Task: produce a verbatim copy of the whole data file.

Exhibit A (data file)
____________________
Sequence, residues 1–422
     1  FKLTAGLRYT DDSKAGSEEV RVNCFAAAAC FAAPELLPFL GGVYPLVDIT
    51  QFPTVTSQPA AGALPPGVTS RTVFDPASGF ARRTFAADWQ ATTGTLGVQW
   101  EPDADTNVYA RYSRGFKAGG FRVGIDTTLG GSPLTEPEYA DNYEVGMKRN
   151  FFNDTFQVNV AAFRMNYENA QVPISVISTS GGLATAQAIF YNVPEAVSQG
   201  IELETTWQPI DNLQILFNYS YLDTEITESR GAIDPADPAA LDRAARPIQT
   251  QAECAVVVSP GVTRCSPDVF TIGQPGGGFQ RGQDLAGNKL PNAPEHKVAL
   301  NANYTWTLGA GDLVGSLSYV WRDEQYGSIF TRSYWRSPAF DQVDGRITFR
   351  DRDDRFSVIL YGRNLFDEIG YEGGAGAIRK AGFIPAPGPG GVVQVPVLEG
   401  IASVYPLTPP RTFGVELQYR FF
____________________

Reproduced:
Sequence, residues 1–422
     1  FKLTAGLRYT DDSKAGSEEV RVNCFAAAAC FAAPELLPFL GGVYPLVDIT
    51  QFPTVTSQPA AGALPPGVTS RTVFDPASGF ARRTFAADWQ ATTGTLGVQW
   101  EPDADTNVYA RYSRGFKAGG FRVGIDTTLG GSPLTEPEYA DNYEVGMKRN
   151  FFNDTFQVNV AAFRMNYENA QVPISVISTS GGLATAQAIF YNVPEAVSQG
   201  IELETTWQPI DNLQILFNYS YLDTEITESR GAIDPADPAA LDRAARPIQT
   251  QAECAVVVSP GVTRCSPDVF TIGQPGGGFQ RGQDLAGNKL PNAPEHKVAL
   301  NANYTWTLGA GDLVGSLSYV WRDEQYGSIF TRSYWRSPAF DQVDGRITFR
   351  DRDDRFSVIL YGRNLFDEIG YEGGAGAIRK AGFIPAPGPG GVVQVPVLEG
   401  IASVYPLTPP RTFGVELQYR FF